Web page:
As illustrated in FIG. 2, for proximity or near proximity recording, heads 108 include a slider 124 which includes an air bearing surface 126 having a raised bearing surface 128 and a recessed bearing surface 130 illustrated diagrammatically. The slider 124 carries the transducer elements for read-write operations. Rotation of the disc 102, as illustrated by arrow 104 in FIG. 1, provides an air flow along the air bearing surface 126 of the slider 124 to provide a hydrodynamic lifting force which defines in part a fly height of the slider 124 in combination with a preload force to the slider provided by a suspension or load assembly as schematically illustrated by arrow 132. For operation, the disc 102 is rotated so that the fly height of the slider is above a glide avalanche height of the disc to limit head disc interface. The glide avalanche height of the disc is the height below which the head 108 will have massive contacts with the disc. It should be understood that sliders include different air bearing structures such as for example a slider having opposed bearing rails and a slider including opposed side rails and a center pad, and application of the present invention is not limited to any particular bearing design.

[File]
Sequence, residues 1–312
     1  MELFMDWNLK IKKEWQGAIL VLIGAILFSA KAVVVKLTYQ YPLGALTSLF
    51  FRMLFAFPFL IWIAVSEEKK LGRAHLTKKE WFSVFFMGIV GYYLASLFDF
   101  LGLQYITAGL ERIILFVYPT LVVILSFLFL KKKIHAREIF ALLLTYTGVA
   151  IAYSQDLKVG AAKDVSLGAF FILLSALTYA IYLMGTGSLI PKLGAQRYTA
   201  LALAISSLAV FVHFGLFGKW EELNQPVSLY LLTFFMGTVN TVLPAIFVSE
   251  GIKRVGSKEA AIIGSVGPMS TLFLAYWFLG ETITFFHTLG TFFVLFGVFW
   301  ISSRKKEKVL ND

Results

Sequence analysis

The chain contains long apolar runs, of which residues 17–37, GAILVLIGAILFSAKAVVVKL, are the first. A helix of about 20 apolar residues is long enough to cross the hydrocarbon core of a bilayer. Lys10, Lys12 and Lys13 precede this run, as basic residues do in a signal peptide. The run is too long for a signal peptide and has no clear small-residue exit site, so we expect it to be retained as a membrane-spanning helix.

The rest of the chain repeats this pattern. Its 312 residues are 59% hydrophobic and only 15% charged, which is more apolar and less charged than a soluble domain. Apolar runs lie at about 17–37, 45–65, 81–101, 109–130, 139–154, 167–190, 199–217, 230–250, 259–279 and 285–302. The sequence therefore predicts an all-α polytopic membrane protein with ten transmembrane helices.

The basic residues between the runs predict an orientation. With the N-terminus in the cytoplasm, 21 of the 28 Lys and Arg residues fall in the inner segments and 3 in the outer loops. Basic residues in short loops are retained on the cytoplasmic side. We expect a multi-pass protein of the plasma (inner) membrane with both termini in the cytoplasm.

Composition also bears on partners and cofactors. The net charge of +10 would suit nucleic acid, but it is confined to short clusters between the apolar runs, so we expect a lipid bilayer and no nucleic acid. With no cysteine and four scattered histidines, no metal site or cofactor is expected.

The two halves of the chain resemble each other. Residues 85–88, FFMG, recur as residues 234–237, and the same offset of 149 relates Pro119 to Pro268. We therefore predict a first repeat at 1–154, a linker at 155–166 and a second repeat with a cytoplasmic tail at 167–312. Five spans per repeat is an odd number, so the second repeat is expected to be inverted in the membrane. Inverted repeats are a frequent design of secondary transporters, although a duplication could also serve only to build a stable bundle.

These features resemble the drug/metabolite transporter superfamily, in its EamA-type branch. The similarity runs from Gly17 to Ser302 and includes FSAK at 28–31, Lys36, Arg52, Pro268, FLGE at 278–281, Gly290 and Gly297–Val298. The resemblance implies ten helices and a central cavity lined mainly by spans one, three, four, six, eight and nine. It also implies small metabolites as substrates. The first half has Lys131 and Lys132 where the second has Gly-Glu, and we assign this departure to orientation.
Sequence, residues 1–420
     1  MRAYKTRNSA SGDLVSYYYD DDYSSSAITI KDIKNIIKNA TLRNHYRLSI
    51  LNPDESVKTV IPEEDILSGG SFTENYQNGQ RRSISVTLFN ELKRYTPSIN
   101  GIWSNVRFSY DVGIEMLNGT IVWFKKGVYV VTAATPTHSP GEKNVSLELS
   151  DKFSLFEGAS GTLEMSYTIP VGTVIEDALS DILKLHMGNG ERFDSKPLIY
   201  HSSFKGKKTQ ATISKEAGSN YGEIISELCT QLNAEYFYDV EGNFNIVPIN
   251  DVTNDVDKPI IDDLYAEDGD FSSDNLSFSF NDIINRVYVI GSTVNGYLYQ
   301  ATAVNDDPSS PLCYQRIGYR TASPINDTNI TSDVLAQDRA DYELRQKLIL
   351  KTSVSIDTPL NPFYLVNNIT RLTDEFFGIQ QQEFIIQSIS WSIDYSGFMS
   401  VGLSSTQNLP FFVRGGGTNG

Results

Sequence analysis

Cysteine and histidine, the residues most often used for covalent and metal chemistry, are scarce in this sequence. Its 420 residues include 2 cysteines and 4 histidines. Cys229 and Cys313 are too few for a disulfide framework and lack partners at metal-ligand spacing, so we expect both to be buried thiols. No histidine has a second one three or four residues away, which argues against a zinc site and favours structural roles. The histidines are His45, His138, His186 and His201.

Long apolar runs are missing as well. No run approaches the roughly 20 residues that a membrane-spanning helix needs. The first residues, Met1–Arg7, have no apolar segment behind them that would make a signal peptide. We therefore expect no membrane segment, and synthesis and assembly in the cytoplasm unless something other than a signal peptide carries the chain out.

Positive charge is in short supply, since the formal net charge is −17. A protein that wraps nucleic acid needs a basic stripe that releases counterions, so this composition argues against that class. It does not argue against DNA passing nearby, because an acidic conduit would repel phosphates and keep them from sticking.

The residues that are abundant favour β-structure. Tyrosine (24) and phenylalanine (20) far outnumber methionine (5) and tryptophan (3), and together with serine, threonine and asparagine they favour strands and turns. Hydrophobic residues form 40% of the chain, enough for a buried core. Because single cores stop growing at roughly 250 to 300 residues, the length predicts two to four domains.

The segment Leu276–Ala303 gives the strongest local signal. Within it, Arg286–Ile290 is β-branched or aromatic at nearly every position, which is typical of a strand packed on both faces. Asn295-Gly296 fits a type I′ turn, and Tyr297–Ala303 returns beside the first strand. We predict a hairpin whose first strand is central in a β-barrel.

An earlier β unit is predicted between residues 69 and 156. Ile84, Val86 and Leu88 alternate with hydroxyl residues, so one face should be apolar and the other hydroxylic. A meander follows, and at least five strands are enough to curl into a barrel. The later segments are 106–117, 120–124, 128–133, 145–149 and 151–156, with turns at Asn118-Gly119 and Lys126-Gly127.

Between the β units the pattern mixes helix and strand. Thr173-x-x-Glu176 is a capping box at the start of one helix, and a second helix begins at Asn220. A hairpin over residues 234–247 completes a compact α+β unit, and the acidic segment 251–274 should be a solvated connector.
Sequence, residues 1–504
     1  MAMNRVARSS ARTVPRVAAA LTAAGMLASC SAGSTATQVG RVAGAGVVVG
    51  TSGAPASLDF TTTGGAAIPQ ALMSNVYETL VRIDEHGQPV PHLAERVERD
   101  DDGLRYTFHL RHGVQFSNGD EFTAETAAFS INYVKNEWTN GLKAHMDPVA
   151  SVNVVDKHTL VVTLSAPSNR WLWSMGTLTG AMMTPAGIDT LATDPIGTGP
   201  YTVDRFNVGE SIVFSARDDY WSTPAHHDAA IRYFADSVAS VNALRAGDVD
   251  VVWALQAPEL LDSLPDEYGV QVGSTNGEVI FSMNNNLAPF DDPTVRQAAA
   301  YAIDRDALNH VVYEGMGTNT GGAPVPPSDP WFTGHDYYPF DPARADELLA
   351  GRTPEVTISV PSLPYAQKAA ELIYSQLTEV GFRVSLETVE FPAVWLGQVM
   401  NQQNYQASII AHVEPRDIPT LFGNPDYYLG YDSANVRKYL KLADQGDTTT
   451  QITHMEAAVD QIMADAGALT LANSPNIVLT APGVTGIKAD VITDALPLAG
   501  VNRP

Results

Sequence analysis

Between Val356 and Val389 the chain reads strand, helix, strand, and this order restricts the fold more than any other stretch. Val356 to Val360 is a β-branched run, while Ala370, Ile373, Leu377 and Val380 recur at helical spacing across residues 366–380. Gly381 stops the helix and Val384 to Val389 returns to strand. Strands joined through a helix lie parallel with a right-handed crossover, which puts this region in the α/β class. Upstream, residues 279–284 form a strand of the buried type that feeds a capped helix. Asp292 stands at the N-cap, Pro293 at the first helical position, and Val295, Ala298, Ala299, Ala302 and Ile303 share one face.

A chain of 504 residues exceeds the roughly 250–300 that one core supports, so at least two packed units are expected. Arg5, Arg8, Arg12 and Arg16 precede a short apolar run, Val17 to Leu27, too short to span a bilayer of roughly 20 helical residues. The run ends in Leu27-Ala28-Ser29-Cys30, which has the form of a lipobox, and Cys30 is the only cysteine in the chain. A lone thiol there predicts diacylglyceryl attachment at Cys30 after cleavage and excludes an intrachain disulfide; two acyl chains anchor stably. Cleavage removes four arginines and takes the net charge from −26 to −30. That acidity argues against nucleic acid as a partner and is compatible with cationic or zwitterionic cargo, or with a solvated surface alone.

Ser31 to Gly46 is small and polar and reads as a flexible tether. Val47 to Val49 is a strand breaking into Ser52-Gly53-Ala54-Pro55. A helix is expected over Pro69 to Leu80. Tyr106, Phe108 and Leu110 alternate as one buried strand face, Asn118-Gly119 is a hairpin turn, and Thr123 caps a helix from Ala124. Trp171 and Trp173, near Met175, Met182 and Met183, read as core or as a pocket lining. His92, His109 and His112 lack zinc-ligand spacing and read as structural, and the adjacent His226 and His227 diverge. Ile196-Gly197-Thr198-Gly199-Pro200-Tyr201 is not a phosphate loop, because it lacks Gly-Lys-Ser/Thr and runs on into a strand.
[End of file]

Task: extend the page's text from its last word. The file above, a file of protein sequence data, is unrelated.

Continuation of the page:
FIG. 3 graphically illustrates fly height 134 of the slider 124 as illustrated by axis 136 relative to spindle rotation speed of the spindle motor or spindle RPM as illustrated by axis 138. As shown in region 140 as the spindle rotation speed increases the fly height increases. The fly height increases to a steady state fly height 142 for the head-spindle assembly above a glide avalanche height 144 of the disc. For read-write operation, the spindle motor rotates the disc at a relatively high spindle rotation speed at a steady state fly height spindle speed for read/write operations and desired operating and processing speed. Operation or spindle rotation speed as shown may vary depending upon the parameters of the device. As previously described, operation of the spindle motor 106 at a full spindle RPM or spindle speed, increases power demands which can limit the operating time or use for remote or battery powered devices. Powering off the spindle motor can increase wear and can increase access or seek times following an idle period or interruption in read-write activity.